The woolly bear is a common and well-known caterpillar. Though most people have one kind of woolly bear in mind, there are 8 or more species in the U.S. that could legitimately be called woolly bears because of the dense, bristly hair that covers their bodies. Woolly bears are the caterpillar stage of medium sized moths known as tiger moths.
The best-known woolly bear is called the banded woolly bear. It is black at both ends and reddish-brown in the middle. The adult is called the Isabella moth. The banded woolly bear is found throughout the U.S., Mexico and southern Canada but not the rest of the world. There are 2 generations of caterpillars each year (May and August) The second generation is the one noticed in late fall when the woolly bears are crossing the roads, usually in great haste as if they have someplace special to go. In fact they are only scurrying to find a sheltered location under dead plant debris, etc. where they will spend the winter as a larva. In the spring they will feed briefly before changing into a cocoon and eventually a moth. Eggs laid by the female moths start the cycle over again.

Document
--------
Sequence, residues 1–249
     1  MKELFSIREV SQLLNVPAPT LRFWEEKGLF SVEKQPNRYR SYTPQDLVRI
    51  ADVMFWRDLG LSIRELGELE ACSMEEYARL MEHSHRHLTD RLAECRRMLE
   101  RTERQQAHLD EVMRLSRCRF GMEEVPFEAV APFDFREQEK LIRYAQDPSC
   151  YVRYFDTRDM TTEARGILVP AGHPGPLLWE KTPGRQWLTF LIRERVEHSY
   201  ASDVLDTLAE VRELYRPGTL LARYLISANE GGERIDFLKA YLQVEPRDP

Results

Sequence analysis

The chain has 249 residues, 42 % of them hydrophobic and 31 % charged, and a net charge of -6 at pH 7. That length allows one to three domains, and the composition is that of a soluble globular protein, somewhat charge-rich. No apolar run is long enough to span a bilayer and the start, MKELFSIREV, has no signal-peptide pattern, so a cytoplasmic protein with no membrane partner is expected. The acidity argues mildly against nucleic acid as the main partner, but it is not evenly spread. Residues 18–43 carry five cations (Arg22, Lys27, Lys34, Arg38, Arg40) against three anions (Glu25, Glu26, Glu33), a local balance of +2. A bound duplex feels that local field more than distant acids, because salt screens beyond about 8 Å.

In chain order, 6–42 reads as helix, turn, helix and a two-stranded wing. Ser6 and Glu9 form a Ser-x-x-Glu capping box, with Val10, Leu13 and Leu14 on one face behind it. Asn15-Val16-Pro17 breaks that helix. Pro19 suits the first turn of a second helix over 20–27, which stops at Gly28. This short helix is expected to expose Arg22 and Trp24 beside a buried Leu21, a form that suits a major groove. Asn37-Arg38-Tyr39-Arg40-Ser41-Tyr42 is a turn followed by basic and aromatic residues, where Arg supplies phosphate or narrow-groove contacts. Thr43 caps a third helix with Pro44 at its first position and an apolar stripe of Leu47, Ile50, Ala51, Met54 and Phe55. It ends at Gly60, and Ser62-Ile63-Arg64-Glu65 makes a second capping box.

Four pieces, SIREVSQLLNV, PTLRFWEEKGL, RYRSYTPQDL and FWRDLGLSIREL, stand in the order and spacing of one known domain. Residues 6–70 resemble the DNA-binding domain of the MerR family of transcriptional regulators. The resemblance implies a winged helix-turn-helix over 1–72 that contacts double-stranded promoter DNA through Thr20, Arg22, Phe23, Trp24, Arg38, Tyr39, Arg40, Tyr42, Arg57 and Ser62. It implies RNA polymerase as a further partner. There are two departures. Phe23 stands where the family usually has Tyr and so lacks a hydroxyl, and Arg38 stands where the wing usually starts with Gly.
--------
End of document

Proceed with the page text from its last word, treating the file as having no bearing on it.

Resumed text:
The adult moth of the banded woolly bear has white wings with scattered black spots. Wingspan is about 2 inches.
The banded woolly bear is the species mentioned in winter-prediction folklore that claims longer the black at the ends of the body, the more severe will be the coming winter. As you might expect, science has debunked this legend by showing the amount of black varies with the age of the caterpillar and the moisture levels in the area where it developed.
This doesn't stop the good folks of Vermilion, Ohio (west of Cleveland) from holding an annual "Woolly Bear Festival" -- claimed to be the largest one-day festival in Ohio. Festivities include a parade, woolly bear races and an "official" analysis of the woolly bears and forecast for the coming winter.
For more information on tiger moths, including rearing instructions, you can visit this page at the Michigan Entomological Society website.